Skip to content

Learning and Gathering

Our first cohort completed the CoI Teaching Excellence Community Course in early October, and we have already launched Cohort 2. It has been an exciting adventure keeping up with the logistics behind the Community Course, and we learned so much from our first round. Cohort 2 is running much more smoothly, and I find that I now have a bit of extra time to gather my thoughts.

The Community Course approach has been a success for our faculty. The level of engagement and dialogue in the Study Groups was outstanding, and our faculty were thrilled to interact with each other across disciplines. Our participants engaged with the content (and each other!) and now have a much clearer understanding of the CoI framework, and how to integrate CoI effective practices in to their teaching at APUS.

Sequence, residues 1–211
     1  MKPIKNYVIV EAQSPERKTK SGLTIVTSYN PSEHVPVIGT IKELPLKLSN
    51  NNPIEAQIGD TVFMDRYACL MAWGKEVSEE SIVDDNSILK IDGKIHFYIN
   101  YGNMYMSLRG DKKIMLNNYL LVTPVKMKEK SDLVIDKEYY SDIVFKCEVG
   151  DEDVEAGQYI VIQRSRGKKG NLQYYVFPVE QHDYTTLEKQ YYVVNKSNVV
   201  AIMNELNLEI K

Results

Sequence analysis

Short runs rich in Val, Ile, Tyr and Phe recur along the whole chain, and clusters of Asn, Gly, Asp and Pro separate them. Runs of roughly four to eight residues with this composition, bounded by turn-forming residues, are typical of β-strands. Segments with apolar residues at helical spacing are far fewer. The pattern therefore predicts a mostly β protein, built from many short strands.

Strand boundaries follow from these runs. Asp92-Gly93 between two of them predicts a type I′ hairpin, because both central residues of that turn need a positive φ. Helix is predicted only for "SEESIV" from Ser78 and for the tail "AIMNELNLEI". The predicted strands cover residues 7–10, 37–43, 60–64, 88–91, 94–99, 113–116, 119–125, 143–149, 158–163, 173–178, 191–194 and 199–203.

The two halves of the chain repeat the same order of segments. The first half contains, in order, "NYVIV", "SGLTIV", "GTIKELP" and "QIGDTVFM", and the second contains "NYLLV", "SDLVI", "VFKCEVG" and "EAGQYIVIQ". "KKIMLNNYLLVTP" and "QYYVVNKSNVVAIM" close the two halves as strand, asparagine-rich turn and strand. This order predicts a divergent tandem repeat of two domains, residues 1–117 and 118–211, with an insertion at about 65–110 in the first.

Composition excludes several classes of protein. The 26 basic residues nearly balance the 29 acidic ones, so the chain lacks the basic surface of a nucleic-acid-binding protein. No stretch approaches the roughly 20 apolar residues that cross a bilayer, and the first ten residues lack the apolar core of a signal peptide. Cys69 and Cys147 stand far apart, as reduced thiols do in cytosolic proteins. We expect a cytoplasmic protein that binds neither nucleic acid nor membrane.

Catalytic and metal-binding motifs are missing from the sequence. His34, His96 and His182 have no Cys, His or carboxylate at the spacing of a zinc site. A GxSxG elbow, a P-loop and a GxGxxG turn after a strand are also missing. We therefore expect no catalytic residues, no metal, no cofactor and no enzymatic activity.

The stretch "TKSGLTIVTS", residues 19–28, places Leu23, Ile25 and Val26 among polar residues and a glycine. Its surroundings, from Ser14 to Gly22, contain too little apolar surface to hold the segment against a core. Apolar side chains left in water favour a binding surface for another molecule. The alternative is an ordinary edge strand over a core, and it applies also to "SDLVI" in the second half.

For three out of the five weeks in Cohort 1, participants in the CoI Teaching Excellence Community Course contributed to an effective practice compendium on one of the CoI presences (social, teaching, and cognitive). The purpose of this learning activity was to get folks to share, and to begin the development of a community generated effective practice knowledge base. We now have so much data!

Our team has just begun working with the APUS Institutional Research and Data team to explore this data and to find the best way to review and share what we have. Along with this data, we have pre and post-course survey data to review. The research possibilities are endless, and the CTL welcomes recommendations for the review and exploration of our data!

Moving Right Along!

We are well into Week 3 of the APUS Community Course, and it’s been a whirlwind of activity across the board. With all of the activity, I’ve neglected posting here!

Updates of significance:

Over 50 participants have earned the Content Contributor badge in the course by contributing to the course social media sites! There have been quite a few participants who wrote back after I sent their badges, letting me know that they felt honored to be a part of this initiative. That was great to hear! The general feedback on the course structure, content, and activities has been excellent, and will enable us to make the course even better for our second cohort which will start in early October.